Modelling the HRV Response to Training Loads in Elite Rugby Sevens Players

Williams, S.; West, S.; Howells, D.; Kemp, S. P. T.; Flatt, A. A.; Stokes, K.

The study aimed to assess whether chronic heart rate variability (HRV) responses, indicative of training adaptation, could be predicted from the training loads undertaken by elite Rugby Sevens players. Eight international male players were monitored prospectively over an eight-week pre-season period, with daily recordings of HRV and training loads, measured through session-RPE (sRPE) and high-speed distance (HSD). The Banister model was employed to estimate vagally-mediated chronic HRV responses to training loads over the initial four weeks (tuning dataset), which were then used to predict HRV responses in the subsequent four-week period (validation dataset).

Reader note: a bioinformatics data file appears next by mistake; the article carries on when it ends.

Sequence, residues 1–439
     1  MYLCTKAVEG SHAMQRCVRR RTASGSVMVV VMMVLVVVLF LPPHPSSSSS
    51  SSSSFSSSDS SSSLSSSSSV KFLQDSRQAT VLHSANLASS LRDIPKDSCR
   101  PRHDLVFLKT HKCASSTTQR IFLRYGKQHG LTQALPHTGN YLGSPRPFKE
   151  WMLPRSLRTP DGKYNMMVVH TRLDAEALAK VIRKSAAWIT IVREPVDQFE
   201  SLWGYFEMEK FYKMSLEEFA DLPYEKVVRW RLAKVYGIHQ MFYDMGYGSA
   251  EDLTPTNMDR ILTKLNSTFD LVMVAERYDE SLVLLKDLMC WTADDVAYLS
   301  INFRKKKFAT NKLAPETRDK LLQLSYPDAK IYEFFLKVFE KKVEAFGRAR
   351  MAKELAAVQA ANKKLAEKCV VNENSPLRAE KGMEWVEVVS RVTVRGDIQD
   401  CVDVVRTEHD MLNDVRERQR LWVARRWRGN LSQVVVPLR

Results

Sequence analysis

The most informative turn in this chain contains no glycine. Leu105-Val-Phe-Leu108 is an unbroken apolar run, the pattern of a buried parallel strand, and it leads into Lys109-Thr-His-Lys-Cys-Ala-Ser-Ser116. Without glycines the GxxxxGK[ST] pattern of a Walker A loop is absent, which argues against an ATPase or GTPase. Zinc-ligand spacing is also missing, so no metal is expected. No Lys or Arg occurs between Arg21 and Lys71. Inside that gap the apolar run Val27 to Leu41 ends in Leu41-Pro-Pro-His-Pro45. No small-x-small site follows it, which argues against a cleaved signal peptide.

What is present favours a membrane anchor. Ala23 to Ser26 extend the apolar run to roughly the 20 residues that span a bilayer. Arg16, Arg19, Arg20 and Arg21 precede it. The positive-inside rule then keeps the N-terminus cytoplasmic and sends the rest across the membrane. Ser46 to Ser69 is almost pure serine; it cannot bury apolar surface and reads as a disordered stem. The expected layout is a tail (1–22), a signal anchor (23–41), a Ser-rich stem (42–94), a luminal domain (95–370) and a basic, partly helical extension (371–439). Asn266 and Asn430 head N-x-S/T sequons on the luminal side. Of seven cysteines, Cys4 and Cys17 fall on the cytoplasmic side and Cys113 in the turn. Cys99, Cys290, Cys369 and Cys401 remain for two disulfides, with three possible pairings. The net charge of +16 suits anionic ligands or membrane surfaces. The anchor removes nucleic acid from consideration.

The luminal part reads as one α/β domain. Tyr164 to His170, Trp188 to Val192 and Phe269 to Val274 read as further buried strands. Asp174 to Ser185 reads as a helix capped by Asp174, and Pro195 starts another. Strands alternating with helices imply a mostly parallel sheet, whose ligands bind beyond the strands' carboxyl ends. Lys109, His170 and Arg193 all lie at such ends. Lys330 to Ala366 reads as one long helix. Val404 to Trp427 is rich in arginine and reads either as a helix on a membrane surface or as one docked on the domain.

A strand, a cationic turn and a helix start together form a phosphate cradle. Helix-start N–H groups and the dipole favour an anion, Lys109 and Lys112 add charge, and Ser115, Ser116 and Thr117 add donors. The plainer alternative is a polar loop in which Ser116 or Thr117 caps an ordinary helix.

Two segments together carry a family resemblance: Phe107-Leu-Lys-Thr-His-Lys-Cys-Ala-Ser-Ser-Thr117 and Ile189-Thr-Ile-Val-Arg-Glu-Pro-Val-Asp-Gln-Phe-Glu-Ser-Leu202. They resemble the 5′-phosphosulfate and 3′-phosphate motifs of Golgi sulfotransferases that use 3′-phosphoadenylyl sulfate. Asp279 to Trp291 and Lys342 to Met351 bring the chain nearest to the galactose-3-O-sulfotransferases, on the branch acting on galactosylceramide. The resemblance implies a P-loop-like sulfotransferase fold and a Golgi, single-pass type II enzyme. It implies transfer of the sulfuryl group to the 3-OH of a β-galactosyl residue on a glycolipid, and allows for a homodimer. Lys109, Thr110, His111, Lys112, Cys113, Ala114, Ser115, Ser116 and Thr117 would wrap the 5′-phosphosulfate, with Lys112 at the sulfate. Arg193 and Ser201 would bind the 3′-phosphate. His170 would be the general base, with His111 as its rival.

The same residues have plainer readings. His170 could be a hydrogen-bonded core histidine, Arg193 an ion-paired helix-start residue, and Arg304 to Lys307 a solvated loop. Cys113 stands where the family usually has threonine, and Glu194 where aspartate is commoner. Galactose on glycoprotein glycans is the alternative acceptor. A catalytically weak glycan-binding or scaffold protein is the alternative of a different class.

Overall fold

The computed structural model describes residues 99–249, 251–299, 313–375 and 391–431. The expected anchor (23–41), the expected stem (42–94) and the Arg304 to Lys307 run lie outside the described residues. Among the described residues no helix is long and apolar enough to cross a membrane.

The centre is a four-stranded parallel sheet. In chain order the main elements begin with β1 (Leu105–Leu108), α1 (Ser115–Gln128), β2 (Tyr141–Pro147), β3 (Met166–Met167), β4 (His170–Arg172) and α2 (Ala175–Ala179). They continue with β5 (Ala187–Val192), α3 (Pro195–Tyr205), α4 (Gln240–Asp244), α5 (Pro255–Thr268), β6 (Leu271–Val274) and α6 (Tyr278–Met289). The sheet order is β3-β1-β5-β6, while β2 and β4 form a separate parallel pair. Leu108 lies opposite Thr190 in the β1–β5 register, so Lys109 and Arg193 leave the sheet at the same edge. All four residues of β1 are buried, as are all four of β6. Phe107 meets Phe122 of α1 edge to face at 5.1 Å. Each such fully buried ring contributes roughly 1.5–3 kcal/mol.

In the tuning dataset, high correlations were observed between modelled and recorded HRV for both sRPE and HSD measures. Across the sRPE validation dataset, seven of the eight athletes met the criterion for validity, compared to one athlete in the HSD validation dataset. The sRPE validation data showed likely lower mean bias values and most likely higher Pearson correlations compared to the HSD validation dataset.

These findings suggest that a systems theory approach can accurately model chronic HRV responses to internal training loads within elite Rugby Sevens players. This approach holds promise for optimizing the training process on an individual basis, potentially enhancing performance outcomes.

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